The half chicken is simply grilled and placed on a bed of large Israeli couscous flavored with preserved lemon, roasted tomato halves, and pine nuts. Most Greek cuisine isn’t complicated; the flavors are fresh and clean. One tablemate wants some sauce with this dish, but it’s in line with my experience in Greece. The ingredients reflect the smokiness that the grill imparts; it’s just not as complex as some of the other choices.

I encourage you to go outside your comfort zone and try the Greek wines available by the glass. They all come from Stamnaki on the Peloponnesian peninsula west of Athens, but Agiorgitiko (a light, fruity red) and Assyrtiko (a white with citrus and minerality) match well with the cuisine. The Moschofilero (white) is aromatic, but exceptionally light; you may pass on that one unless you prefer your wine to be oh-so-delicate.

click to enlarge The baklava's parchment-like paper thin phyllo is brown and crisp, the nutty spice filling sweetened with honey is gooey and luscious without throwing the whole thing out of whack. - MELISSA SANTELL
MELISSA SANTELL
The baklava's parchment-like paper thin phyllo is brown and crisp, the nutty spice filling sweetened with honey is gooey and luscious without throwing the whole thing out of whack.


It’s no surprise that the restaurant, which shares space with its bakery, turns out desserts that are simply divine. The baklava is everything that you could wish. The parchment-like paper thin phyllo is brown and crisp, the nutty spice filling sweetened with honey is gooey and luscious without throwing the whole thing out of whack. And the creamy pistachio ice cream is studded with whole nut meats and circled with more sweet honey.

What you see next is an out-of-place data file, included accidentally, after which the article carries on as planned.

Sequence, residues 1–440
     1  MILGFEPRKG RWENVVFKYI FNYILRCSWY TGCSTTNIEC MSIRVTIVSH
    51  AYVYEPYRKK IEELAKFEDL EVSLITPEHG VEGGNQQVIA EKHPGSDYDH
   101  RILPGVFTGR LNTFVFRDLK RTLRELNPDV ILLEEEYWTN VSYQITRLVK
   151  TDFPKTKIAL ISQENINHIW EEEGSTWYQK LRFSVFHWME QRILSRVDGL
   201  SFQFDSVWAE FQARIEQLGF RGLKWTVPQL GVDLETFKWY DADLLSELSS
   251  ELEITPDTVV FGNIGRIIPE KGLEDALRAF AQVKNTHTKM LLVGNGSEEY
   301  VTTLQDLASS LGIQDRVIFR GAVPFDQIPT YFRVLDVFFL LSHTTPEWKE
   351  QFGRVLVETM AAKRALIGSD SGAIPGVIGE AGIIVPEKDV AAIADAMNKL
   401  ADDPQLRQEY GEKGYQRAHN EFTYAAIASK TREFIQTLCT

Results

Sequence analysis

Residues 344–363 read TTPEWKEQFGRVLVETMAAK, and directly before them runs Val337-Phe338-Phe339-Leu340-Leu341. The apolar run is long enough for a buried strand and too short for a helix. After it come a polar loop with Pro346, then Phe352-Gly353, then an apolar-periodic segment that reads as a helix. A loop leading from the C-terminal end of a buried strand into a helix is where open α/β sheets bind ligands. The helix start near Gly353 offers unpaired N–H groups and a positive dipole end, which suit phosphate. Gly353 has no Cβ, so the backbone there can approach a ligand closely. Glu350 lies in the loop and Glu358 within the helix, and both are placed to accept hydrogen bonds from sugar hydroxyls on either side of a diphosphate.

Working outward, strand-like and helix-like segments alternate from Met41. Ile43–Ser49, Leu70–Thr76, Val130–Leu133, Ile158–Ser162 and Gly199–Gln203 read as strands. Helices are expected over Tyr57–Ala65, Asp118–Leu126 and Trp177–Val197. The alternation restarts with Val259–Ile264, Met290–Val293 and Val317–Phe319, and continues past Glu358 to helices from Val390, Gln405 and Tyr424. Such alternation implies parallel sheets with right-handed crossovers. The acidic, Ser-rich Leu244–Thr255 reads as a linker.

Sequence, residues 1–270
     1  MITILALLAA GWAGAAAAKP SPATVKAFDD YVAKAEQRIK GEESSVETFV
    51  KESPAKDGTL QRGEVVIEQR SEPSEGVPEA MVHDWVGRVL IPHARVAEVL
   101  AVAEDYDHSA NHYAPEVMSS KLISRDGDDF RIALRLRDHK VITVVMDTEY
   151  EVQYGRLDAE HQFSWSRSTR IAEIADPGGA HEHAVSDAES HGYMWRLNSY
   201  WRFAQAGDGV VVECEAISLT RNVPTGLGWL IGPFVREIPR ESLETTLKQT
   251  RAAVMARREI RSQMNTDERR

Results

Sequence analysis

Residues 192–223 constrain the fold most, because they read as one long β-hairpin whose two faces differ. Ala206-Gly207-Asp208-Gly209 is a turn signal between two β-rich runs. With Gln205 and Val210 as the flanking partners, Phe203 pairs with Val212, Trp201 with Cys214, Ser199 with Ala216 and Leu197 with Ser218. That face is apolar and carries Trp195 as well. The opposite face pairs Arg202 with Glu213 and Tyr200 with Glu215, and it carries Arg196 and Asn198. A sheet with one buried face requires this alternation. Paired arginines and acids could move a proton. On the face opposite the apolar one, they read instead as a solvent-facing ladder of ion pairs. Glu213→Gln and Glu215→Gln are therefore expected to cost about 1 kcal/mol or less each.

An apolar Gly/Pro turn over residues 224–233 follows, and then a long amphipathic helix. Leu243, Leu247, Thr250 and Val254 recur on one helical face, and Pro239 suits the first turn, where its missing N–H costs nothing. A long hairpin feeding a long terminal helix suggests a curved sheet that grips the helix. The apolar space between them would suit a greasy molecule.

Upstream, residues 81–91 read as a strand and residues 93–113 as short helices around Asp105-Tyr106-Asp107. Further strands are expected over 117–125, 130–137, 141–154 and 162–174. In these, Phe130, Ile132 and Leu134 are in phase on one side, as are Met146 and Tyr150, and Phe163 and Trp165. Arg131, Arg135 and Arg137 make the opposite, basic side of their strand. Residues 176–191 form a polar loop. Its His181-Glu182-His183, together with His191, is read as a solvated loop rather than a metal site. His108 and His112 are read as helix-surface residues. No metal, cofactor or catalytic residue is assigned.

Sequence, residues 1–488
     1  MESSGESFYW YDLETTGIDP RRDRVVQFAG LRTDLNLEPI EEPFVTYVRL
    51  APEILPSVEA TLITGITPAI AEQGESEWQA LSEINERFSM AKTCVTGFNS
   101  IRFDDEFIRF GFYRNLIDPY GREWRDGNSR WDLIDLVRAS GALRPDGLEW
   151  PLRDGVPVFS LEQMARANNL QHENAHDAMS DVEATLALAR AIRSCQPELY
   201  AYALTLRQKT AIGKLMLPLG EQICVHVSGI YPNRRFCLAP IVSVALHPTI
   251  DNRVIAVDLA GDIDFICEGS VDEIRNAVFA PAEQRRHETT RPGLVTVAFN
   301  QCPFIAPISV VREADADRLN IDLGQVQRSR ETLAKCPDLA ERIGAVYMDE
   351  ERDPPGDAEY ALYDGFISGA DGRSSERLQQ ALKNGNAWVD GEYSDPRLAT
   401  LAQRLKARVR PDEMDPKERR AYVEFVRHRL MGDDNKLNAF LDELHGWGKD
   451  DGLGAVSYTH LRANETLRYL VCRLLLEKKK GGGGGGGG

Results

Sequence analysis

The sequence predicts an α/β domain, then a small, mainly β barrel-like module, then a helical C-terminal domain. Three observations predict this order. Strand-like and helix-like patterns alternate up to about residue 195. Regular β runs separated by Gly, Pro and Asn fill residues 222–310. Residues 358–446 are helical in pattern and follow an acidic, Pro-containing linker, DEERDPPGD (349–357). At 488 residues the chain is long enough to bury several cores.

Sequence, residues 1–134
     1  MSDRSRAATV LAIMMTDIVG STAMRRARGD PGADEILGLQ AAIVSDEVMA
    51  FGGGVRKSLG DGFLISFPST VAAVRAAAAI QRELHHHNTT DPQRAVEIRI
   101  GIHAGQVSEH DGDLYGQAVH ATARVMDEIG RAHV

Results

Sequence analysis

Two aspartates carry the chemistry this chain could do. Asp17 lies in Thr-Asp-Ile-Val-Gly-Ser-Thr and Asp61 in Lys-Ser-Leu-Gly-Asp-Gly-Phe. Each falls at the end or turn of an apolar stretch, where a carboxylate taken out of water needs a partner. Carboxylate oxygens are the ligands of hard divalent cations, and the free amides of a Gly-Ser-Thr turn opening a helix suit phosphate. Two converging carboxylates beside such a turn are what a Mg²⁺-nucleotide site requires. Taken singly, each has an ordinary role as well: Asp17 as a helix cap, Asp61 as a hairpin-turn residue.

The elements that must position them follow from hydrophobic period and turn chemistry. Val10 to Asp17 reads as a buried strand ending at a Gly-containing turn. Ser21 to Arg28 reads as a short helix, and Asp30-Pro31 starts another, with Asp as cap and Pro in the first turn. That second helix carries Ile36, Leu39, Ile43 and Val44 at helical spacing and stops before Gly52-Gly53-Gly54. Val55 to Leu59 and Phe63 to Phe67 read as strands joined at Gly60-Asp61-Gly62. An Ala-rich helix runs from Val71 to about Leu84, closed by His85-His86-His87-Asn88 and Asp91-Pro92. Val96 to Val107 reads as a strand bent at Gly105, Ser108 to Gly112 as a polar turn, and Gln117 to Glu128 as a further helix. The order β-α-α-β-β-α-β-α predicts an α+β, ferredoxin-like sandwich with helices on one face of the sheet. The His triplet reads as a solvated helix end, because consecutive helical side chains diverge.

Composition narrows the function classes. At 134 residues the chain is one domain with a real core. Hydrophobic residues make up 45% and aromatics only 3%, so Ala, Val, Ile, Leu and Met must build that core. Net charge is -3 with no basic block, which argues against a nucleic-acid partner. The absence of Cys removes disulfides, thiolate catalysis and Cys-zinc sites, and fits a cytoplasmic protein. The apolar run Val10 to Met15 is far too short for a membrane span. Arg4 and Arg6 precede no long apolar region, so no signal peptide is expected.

Then there’s a scrumptious tart with a dough like crust dusted with powdered sugar that cradles ripe apricots exploding with flavor. The almond ice cream has a lovely texture, but the taste is muted. I anticipated a burst of marzipan, but it was not to be found. Still, the apricots soar.

Baba is casual, with a lovely, relaxed vibe. Your check comes with a hand painted evil eye rock to make sure the bill doesn’t blow away. You’re invited to take this ocular amulet with you to protect you from the evils of the world. I prefer to take away fond memories of a night well spent.

CL Food Critic Jon Palmer Claridge dines anonymously when reviewing. Check out the explanation of his rating system, and email him at [email protected].

click to enlarge Baba includes a covered patio and huge double bay doors that reflect the adaptive reuse of this former garage. - MELISSA SANTELL
MELISSA SANTELL
Baba includes a covered patio and huge double bay doors that reflect the adaptive reuse of this former garage.


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About The Author

Jon Palmer Claridge

Jon Palmer Claridge—Tampa Bay's longest running, and perhaps last anonymous, food critic—has spent his life following two enduring passions, theatre and fine dining. He trained as a theatre professional (BFA/Acting; MFA/Directing) while Mastering the Art of French Cooking from Julia Child as an avocation. He acted...